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How to Use Dehydrated Eggs

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Never run out of eggs again! Dehydrated eggs are a convenient and shelf-stable option for busy families. Beyond convenience, though, dehydrated eggs shine in emergencies when fresh options might be scarce. Here’s what you need to know about how to use dehydrated eggs.

Chances are, you’ve already eaten dried eggs and didn’t even realize it. Many restaurants, school cafeterias, and the military use dried eggs because of their versatility, ease of storage, and convenience. At first glance, powdered eggs may not be very appealing, but don’t be fooled. They’re a good addition to your food storage planning, offering a simpler long-term solution compared to preserving fresh eggs. Let’s explore the different types, storage tips, and clever ways to incorporate them into your meals!

Forms of Dried Eggs

Dried eggs are sold by all the major food storage companies that sell packaged meals convenient for camping, hiking, hunting, and the like. Dehydrated eggs come in various forms:

Whole Dried Eggs

Dried whole eggs are the most versatile of all the dried egg products because only dried and powdered eggs are in the container. Ideal for baking, casseroles, and breading.

Dried Egg Whites

Dehydrated egg whites are another fantastic option for preppers and health-conscious cooks. Sold separately from dried whole eggs, they come in powdered form and boast all the protein of an egg white without the fat or cholesterol. This makes them perfect for low-fat recipes and meringues.

Dried Scrambled Eggs

Dried scrambled eggs produce something that looks and tastes like scrambled eggs, with a scrambled egg consistency. They’re pre-seasoned and very handy for quick, tasty meals.

In my research, they were the only dried egg product that contained numerous additives, such as bacon, ham, or dehydrated peppers. Some brands also contained preservatives, flavorings, and artificial coloring. Check the ingredients for additives or allergens.

How to Use Dehydrated Eggs

Dehydrated eggs are surprisingly versatile, but knowing how to use them can make all the difference. Here’s a breakdown on incorporating them into your meals:

Reconstituting vs. Direct Use

  • Reconstituting: Some recipes work best with rehydrated eggs. In these cases, mix one part dried egg powder with one part water (check the label for specific ratios). Let the mixture sit for 5 minutes before using. Think scrambled eggs, omelets, or frittata fillings.
  • Direct Use: Many recipes don’t require reconstitution, especially baking goods like cakes, muffins, or breads. Simply measure the dried egg powder directly and add it to your dry ingredients.

Finding the Right Amount

Most brands recommend a 1:1 ratio of water to dried egg powder for reconstitution, but always double-check the label. They might suggest slight variations for optimal texture.

Adding Moisture

When using dried eggs in place of fresh eggs in baking, remember that the powder absorbs moisture. To compensate, add a little extra liquid to your recipe, typically around ¼ cup for every egg you substitute.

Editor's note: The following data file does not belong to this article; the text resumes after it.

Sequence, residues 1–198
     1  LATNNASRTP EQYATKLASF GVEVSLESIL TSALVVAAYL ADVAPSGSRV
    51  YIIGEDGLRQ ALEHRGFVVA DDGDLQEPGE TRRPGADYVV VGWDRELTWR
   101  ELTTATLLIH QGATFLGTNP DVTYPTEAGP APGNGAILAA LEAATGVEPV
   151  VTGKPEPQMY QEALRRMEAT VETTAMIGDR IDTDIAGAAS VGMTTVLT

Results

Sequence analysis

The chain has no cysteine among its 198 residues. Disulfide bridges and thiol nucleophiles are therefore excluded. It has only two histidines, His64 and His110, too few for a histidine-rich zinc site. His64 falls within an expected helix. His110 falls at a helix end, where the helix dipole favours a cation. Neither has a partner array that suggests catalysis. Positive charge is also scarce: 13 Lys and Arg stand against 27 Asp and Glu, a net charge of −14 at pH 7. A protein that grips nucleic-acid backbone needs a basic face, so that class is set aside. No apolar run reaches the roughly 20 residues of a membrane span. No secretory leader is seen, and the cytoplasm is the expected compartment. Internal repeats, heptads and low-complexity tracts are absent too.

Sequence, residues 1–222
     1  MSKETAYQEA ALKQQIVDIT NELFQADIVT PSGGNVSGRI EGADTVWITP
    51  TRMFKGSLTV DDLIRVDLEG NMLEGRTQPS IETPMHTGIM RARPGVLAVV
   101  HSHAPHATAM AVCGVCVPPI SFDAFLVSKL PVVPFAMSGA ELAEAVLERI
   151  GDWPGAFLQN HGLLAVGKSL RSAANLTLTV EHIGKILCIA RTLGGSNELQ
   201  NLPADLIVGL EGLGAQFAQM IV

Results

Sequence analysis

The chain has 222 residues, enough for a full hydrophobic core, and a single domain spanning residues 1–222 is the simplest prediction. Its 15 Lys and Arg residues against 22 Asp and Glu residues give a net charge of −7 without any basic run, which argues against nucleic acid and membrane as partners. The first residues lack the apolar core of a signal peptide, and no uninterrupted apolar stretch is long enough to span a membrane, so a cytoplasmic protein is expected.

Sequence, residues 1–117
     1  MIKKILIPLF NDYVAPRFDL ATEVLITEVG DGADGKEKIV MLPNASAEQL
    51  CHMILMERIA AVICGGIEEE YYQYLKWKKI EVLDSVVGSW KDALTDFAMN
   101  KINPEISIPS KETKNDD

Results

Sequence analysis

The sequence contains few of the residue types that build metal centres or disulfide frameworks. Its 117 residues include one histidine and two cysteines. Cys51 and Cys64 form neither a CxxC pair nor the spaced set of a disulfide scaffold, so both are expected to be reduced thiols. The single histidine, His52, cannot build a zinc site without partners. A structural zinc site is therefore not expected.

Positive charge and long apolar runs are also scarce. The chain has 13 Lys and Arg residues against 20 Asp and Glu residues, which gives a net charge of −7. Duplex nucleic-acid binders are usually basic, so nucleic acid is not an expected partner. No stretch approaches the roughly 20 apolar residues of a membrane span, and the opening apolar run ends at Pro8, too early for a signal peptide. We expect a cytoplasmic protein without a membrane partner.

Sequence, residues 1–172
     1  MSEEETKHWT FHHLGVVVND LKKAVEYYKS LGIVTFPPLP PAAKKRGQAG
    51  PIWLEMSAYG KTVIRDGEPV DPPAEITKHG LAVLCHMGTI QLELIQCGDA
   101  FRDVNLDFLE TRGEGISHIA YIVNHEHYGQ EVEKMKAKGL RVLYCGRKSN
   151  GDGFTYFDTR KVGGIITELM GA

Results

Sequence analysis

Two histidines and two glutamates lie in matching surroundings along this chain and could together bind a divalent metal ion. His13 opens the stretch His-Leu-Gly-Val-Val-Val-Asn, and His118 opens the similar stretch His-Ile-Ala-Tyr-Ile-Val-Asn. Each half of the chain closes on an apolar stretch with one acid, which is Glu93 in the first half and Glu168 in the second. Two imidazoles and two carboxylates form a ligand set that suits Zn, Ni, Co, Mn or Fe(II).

Tips for Using Powdered Egg Mix

  • Storage: Store all dried eggs in a cool, dark place for maximum shelf life.
  • Reconstituting: Dried whole eggs can often be used directly in recipes. However, add a little extra water to account for the missing liquid. Make sure your water storage accounts for foods requiring reconstitution.
  • Calculating Quantities: Most brands recommend a 1:1 ratio of water to dried egg powder for reconstitution. Always double-check the label.
  • Long-Term Storage: Track your monthly egg consumption. 70 eggs (6 dozen) equals a #10 can of dried eggs. Read more about when to order big cans and when to order small here.

Other Ideas for Dried Egg Powder

Dehydrated eggs shine in unexpected ways! Try adding them to:

  • Pancakes and waffles: Add dried eggs directly to your pancake mix for a protein boost. Protein powder is another way.
  • Meatloaf and meatballs: Use reconstituted eggs as a binder for a healthier alternative to breadcrumbs.
  • Soups and stews: Thicken soups and stews by adding a spoonful of rehydrated eggs towards the end of cooking.
  • Pancake Mix Hack: Add dried eggs to your homemade pancake mix for quick and easy breakfasts.
  • Experimenting with Scrambled Eggs: For fluffy scrambled eggs, use a whisk to incorporate air when rehydrating the eggs. After mixing with water, let the mixture sit for 10 minutes before cooking as usual. You can also add a splash of milk for a creamier texture.


What size canisters are available?

Dehydrated eggs come in pouches, #2.5 cans, #10 cans, and buckets. Pouches are perfect for sampling, #2.5 cans for smaller households, and #10 cans for larger families and long-term storage. Read this post to decide what food storage canister size is right for you.

How long do they last?

Unopened containers can last for years when stored properly. Once opened, check the label for specific shelf life recommendations.

What are the benefits of using dried eggs?

Dried eggs are convenient, have a long shelf life, require no refrigeration, and are a great option for baking and cooking.

Final Thoughts

Dehydrated eggs are a versatile and practical addition to any pantry. Their convenience and long shelf life make them perfect for busy families and preppers alike. With a little planning and storage know-how, you can ensure a constant supply of eggs for all your cooking needs.

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